Iron Solomon Jumps "In the Mix" [DJBooth Interview Exclusive]

The NYC battle rapper-turned-recording artist steps into <b>The DJBooth</b> for an <b>exclusive interview</b>.

New York, N.Y. -- Think a battle rap champion like

Iron Solomon

can't excel as a recording artist? Then you desperately need a refresher course in hip-hop history--do the names "


" or "


" (to pick just two of many possible examples) ring any bells? Of course, the proof of the pudding is in the eating; anyone who still doesn't believe that the NYC emcee and producer is as much of a


in the studio as he is in a freestyle tournament need only take a listen to his debut album to be confronted with the error of their ways. Released to record stores and online retailers yesterday, March 27, via

Duck Down

, the project comes heralded by DJBooth-acclaimed singles "

Almost There

," "

The Empire

," "


" and "

Follow Me (Remix)




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In an

exclusive interview

, Iron Solomon steps into The DJBooth to discuss his deepest fears ("Monsters" ain't one of them.), his musical influences, and his experiences at South by Southwest 2012.

Your brand new album, Monster, dropped earlier this week. Were you afraid of monsters as a child?

No. I was not afraid of monsters as a child. One of my favorite movies was "Little Monsters" with Fred Savage and that was cool as sh*t. I grew up in NY so as a little kid the crack epidemic had created enough walking zombies that it made horror movies seem like Child's Play. Pun intended. I was afraid of murderers and burglars. I was like 8-years-old with intricate karate plans of how I was gonna f**k sh*t up of anyone tried to break into our crib.

As it pertains to your recording career, what are you most afraid of?

I'm most afraid of people not fully embracing what I have to bring to the table because of things that go beyond the actual quality of the music we create. My appearance, my history in battles, or any other reason someone might write me off. That and not getting to work with my idols before they decide to stop making music or aren't around anymore.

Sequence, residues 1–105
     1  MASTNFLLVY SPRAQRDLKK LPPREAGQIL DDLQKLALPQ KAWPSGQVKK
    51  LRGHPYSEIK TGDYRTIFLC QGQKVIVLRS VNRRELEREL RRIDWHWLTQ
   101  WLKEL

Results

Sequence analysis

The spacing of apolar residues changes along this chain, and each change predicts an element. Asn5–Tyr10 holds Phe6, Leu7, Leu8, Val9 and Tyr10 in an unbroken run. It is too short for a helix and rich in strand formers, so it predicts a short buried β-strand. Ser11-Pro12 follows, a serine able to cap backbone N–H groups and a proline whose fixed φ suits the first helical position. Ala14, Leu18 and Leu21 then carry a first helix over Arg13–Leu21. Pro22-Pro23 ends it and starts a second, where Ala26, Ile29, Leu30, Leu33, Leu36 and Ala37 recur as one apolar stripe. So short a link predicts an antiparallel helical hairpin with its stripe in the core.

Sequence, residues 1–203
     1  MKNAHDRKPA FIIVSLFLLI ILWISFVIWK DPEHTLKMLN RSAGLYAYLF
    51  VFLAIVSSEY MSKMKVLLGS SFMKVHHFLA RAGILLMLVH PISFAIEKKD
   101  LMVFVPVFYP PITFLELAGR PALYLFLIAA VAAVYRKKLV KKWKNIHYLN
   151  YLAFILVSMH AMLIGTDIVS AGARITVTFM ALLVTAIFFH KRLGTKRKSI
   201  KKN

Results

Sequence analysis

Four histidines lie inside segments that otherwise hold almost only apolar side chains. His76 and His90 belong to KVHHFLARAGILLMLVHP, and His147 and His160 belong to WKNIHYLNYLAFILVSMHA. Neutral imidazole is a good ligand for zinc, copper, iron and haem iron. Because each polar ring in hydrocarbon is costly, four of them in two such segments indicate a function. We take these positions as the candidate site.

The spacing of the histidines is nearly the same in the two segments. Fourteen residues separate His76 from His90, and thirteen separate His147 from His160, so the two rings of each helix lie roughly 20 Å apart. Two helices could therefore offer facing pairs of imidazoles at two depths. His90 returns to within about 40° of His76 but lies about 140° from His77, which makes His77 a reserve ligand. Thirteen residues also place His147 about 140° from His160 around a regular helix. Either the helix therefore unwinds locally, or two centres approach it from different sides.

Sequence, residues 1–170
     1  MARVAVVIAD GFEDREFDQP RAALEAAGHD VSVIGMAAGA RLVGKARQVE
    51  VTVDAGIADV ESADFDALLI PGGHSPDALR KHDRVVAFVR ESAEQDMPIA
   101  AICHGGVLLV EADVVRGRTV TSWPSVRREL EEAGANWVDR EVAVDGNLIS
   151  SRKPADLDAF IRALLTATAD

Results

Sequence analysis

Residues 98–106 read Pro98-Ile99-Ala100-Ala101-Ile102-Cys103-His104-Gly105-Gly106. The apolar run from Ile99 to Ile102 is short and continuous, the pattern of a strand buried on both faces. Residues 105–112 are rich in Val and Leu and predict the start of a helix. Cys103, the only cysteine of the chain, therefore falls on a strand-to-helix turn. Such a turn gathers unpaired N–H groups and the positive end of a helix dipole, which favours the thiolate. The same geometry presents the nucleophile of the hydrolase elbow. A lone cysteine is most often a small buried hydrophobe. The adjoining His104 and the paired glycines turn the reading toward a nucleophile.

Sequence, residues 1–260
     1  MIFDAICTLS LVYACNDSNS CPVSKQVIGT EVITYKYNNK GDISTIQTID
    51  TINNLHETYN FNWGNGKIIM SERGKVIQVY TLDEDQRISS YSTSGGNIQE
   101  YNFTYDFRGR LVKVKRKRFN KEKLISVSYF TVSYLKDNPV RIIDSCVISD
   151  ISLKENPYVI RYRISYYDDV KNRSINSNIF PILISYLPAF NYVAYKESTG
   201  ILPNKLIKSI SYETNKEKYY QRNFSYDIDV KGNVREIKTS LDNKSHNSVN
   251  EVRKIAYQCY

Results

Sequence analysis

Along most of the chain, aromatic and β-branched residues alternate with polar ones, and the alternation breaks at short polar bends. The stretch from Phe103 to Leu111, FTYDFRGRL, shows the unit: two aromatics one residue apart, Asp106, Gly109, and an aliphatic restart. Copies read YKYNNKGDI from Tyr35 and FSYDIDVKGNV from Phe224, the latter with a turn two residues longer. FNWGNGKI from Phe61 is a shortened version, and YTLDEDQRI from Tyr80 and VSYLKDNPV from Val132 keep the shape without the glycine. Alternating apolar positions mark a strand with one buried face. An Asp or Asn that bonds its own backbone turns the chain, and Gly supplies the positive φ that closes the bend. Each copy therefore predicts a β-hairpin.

Artists never like to compare their material or sound to other artists. But for someone unfamiliar with your work, whose sonic landscape has influenced your work on Monster?

Production-wise, I'd say Organized Noize, Kanye West and Just Blaze are pretty good reference points. Of course I'm influenced by EVERYBODY though, Quincy Jones, Rock Rubin, DJ Premier, Nottz, The Trackmasters, Dr. Dre, The Hitmen, The Neptunes, Pete Rock, Scarface, Alchemist, DJ Toomp, The RZA, 40, Boi1da, Saukrates, Lex Luger, Pete Rock, Eminem, the list goes on. Lyrically Jay-Z is one of my favorites, his wordplay and entendre game incredible, Nas paints a really vivid picture, and Eminem's structure and incessant flow patterns are retarded. I think those are great reference points, without being too grandiose of course, ha! Again though my influences are EVERYONE. Biggie, Big Pun, Kanye West, Andre 3000, Tupac, Jadakiss,Cee-Lo, etc...I won't bore you with another rap list, ha!

What do you tell someone, who doesn't believe that a "battle rapper" can create a complete listening experience on an album?

Buy my album. Or stream it. Or illegally download it. It will change your mind.

You recently returned home from this year's SXSW Music Festival. Describe the experience using at least two synonyms of the word "monster."

The collage of different bands and people was


. After a week of sleepless grinding I was a f**king



How can readers find out more about you, your music, and the release of Monster?

Go to my website


where pretty much all my music, videos, interviews, freestyles, battles, show dates, bio, everything is on there. Also go to DJBooth.net!!! You guys have done an amazing job covering all my releases with really informative an insightful reviews.



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